Are you prepared to take shelter during an emergency?

Shelter for yourself and your family during a disaster is the topic for March 2011 on website

Knowledge and preparation for a local disaster could be crucial. Because everyone is vulnerable to hazards such as tornados or disasters like a chemical or hazardous materials spill, individuals, families and businesses should be disaster resilient. The Michigan based emergency preparedness website has designated March as shelter month.

Each month, highlights a different phase of emergency preparedness. By completing one of the simple monthly tasks, participants are one step closer to better preparedness for any emergency. Preparedness does not have to be hard or expensive. The monthly task in March 2011 is to grasp how to respond when given instructions to evacuate or to take shelter. Ideas for March include:

  • Identifying the best tornado shelter at home and in the workplace;
  • Talking to your child’s school regarding their sheltering procedures;
  • Assembling a “go-bag” in case you are asked to evacuate the home;
  • Having a leash or pet carrier to evacuate or contain your pet during an emergency.

In some emergencies you may be asked to “shelter in place”. That means making the place where you are, a safe place to stay until the emergency has concluded. We Midwesterners are used to sheltering in place during winter storms, but it also be necessary during a chemical or hazardous-materials release. The shelter-in-place strategy is called for when it’s too dangerous for you to leave your home or workplace. Notification for this type of alert may be given door-to-door by first responders or even by loud speakers from police or fire vehicles.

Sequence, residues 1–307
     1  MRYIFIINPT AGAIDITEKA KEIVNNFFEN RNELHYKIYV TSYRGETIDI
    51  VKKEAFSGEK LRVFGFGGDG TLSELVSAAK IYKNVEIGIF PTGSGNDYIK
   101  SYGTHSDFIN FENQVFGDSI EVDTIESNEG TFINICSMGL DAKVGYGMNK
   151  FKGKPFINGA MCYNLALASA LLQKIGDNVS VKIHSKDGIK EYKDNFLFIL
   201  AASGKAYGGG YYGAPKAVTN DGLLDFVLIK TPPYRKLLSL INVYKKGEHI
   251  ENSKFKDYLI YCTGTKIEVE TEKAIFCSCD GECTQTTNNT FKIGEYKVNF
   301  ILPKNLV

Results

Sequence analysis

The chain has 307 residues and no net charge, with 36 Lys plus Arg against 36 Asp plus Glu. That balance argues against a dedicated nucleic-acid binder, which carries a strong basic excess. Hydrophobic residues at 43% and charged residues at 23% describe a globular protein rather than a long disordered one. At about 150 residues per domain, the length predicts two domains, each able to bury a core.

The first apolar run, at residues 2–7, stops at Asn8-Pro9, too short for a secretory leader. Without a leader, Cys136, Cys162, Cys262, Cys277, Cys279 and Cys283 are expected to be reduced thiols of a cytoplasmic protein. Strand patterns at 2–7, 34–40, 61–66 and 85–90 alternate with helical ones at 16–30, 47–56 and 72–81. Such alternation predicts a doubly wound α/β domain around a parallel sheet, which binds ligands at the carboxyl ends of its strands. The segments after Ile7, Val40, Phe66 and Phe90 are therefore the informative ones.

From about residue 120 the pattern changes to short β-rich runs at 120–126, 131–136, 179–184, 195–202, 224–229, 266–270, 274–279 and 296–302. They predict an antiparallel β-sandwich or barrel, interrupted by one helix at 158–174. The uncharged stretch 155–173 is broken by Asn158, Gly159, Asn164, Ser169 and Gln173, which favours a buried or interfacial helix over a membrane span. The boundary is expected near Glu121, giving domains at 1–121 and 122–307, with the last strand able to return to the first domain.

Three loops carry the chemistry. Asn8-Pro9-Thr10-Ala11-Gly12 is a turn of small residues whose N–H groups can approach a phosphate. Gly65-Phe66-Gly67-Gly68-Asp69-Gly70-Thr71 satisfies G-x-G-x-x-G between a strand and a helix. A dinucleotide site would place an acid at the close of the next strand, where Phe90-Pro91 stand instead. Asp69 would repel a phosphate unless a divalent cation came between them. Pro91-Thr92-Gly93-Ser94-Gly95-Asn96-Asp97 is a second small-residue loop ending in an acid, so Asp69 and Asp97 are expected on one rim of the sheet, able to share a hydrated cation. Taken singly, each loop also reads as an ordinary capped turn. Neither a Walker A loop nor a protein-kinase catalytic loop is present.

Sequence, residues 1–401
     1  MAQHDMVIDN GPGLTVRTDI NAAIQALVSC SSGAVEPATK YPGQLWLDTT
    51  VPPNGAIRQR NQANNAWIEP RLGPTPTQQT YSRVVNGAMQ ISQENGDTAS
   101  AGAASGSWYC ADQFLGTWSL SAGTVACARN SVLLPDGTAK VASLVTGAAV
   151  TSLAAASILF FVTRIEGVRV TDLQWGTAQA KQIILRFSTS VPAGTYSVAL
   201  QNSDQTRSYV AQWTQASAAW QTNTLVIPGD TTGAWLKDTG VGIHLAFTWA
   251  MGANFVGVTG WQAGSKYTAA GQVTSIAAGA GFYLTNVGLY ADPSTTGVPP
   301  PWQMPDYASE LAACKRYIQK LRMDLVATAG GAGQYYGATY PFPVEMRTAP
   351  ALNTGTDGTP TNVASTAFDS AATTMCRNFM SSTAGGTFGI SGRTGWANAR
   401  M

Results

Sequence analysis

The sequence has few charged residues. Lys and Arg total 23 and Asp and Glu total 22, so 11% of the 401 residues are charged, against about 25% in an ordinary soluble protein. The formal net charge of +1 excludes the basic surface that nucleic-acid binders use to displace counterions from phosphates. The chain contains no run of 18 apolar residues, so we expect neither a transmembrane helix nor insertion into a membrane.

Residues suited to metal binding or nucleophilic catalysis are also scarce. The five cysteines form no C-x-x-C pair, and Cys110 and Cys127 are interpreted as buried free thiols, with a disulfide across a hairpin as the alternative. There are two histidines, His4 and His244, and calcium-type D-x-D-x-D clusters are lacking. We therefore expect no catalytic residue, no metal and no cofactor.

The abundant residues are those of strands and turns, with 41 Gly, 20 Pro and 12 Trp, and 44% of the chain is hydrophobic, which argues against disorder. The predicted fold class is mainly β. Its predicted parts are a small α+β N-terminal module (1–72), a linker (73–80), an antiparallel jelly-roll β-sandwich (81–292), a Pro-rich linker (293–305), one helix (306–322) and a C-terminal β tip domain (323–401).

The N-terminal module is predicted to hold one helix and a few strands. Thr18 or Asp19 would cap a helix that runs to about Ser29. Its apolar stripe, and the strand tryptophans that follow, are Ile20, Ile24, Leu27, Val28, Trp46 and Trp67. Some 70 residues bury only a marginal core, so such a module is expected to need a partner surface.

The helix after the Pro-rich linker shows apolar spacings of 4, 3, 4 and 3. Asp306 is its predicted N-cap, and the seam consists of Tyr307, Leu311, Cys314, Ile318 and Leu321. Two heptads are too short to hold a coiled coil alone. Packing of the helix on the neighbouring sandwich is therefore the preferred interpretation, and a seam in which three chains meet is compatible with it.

The first thing to consider during a hazardous materials release is gathering information. If responders are not in your immediate area, turn on the television or radio to determine if your area is affected and what to do. If you are told to shelter in place you should close all doors and windows, shut off fans and air conditioners. Shelter in place may also be used during an infectious disease outbreak as an isolation or quarantine measure to slow the spread of the disease. Contact your local health department to learn more about disease response plans in your community

In other situations, an evacuation shelter may be opened nearby. If you are evacuated to a shelter, take a go-bag containing important items such as:

  • a list of prescription medicine
  • personal items like toothbrushes and soap
  • insurance information
  • pet supplies
  • diapers
  • baby formula
  • a change of clothes for every family member

A more complete list of items for your go-bag can be found at the website.

In an emergency or disaster situation securing shelter is one of the most important things you can do for yourself and your family. Planning for disasters before they occur increases the margin of safety for everyone. For more information on Sheltering, assembling your go-bag or the “1 thing” you can do each month, visit

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